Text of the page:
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On two Supermicro 847E16-RJBOD1 enclosures, I have trouble accessing SATA disks on the rear backplane with 6gb/s. The only significant difference between rear and front backplanes is total cable length from HBA to backplane, which is about 1m + 30cm vs. 1m + 70cm.

SAS signalling shouldn't be affected at these lengths, and I always assumed HBA and backplane will connect with SAS signalling whatever disk type attached. Is this assumption wrong? Do SATA disks limit HBA to backplane cable lengths?

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up vote 3 down vote accepted

SATA and SAS are point-to-point links. So the total distance is irrelevant, only the link lengths.

The SAS Protocol is used to connect to SAS devices. SATA is used to talk to SATA devices. SAS HBAs and Active Backplanes (aka SAS Expanders) must be able to speak SATA, so it can communicate to SATA drives; and this SATA connection is sent back over the SAS backhauls via the SATA Tunneling Protocol.

I haven't checked the specs yet, but it's likely that the expanders are SAS 1.0 or 1.1 and don't support 6Gb SATA (they would only support 1.5Gb SATA). I have further seen issues with these "older" generation SuperMicro Expanders when using SATA disks the whole chip slows to 1.5Gb instead of just the one lane. This would mean you could only get 1.5Gbx4 to all the drives in the rear of the chassis, and only under ideal conditions.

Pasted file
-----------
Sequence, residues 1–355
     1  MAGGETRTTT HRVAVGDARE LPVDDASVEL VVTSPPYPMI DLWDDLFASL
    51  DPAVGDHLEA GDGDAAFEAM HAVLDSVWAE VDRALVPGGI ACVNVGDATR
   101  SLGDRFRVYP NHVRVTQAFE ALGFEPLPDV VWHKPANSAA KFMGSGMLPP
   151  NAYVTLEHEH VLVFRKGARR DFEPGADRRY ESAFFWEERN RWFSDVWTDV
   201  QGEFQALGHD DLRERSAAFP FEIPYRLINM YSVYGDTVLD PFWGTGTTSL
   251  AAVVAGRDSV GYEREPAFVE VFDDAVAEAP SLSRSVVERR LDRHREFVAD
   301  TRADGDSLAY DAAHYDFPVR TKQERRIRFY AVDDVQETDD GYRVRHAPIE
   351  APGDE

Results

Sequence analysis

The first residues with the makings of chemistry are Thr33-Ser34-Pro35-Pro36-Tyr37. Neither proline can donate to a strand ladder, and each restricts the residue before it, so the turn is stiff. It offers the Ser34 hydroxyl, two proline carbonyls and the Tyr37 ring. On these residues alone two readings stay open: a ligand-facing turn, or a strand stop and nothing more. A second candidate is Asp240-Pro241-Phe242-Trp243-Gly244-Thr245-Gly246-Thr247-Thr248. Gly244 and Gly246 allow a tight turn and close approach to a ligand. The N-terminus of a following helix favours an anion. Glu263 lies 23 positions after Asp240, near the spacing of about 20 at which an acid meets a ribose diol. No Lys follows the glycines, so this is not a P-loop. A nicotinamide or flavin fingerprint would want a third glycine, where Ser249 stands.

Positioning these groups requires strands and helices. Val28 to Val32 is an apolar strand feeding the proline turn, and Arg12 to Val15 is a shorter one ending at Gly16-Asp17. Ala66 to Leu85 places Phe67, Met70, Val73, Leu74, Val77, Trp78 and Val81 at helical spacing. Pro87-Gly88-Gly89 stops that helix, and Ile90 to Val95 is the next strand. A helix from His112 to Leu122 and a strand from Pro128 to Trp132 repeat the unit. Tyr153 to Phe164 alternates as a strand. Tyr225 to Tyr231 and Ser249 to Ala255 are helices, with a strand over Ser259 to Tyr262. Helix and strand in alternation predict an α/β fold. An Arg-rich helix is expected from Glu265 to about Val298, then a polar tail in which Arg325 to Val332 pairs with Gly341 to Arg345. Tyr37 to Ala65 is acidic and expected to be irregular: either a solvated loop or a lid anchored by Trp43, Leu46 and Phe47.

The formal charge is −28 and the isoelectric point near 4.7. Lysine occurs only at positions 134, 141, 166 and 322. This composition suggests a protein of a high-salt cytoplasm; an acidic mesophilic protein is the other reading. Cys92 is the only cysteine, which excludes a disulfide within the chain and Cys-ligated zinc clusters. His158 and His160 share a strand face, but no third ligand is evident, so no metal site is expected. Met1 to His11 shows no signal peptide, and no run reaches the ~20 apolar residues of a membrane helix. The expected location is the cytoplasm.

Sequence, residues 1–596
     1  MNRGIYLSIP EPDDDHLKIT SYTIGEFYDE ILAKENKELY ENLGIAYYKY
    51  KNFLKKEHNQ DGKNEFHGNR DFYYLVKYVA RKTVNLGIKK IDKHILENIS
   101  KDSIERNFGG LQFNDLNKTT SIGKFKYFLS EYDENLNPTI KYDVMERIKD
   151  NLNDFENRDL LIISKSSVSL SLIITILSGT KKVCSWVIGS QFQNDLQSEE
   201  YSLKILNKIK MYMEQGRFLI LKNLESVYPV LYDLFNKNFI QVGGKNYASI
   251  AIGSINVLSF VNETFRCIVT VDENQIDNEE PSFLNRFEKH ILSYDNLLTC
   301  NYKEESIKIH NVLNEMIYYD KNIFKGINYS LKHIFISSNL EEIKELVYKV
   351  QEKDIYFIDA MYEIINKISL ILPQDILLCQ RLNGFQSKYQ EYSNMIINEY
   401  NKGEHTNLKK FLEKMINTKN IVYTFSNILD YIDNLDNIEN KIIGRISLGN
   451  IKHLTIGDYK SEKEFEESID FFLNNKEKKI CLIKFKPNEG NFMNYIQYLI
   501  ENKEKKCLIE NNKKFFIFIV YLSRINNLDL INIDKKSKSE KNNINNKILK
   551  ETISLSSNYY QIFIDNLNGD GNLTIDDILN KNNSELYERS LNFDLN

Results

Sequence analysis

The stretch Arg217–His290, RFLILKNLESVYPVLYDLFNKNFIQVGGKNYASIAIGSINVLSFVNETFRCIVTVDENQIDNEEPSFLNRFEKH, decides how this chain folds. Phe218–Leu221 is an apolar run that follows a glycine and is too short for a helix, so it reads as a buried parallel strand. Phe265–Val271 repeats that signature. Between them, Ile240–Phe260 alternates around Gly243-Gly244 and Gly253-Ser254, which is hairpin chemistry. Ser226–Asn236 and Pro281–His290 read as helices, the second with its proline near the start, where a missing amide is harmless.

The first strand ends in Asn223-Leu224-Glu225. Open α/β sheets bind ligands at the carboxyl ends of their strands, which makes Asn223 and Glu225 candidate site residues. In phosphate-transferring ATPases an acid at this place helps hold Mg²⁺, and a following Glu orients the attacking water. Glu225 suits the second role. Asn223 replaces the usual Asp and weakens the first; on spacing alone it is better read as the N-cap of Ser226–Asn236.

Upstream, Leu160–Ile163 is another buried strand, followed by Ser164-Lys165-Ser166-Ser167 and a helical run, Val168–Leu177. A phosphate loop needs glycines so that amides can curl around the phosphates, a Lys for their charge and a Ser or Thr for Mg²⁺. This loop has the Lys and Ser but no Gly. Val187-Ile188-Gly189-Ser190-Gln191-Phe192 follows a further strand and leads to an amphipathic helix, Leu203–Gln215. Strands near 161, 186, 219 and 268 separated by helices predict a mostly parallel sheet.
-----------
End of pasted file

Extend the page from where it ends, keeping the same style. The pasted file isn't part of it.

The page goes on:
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Thanks for confirming my original assumption. But the chips do negotiate 6 gb/s, I have to throttle down to 3 gb/s to avoid disk connectivity loss. The whole enclosure is 6 gb/s capable (hence the E16 in name). It must be a cable length problem, or a very specific expander incompatibility. I consider removing the dedicated external connection for the rear backplane and instead wire the backplanes. That would mean loss of parallelity but increase in stability. – korkman Oct 4 '12 at 14:10
It's definitely not a length issue, but may be a damaged cable/board. Just looked it over and it's the newer gen LSI ICs, which I haven't heard of any compatibility issues. – Chris S Oct 5 '12 at 2:01
Actually my idea of cable length issues was very wrong from the beginning: the rear backplane has shorter cabling than the front backplane. I can't test much on these in-production arrays right now, but I can rule out bad cables because in total 4 internal and 4 external cables were tested. Must be a hard drive incompatibility. – korkman Oct 8 '12 at 17:21

The limit doesn't just exist on the HBA side but on the disk side as well, and with 1.7m you are well beyond the specification limit of 1m.

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Both SAS and SATA are point-to-point connections, each of the connection must be less than the electrical limit. Also, most of his connections are SAS, which are supposed to be able to run 10m (though half that is a more realistic number). – Chris S Oct 4 '12 at 13:25

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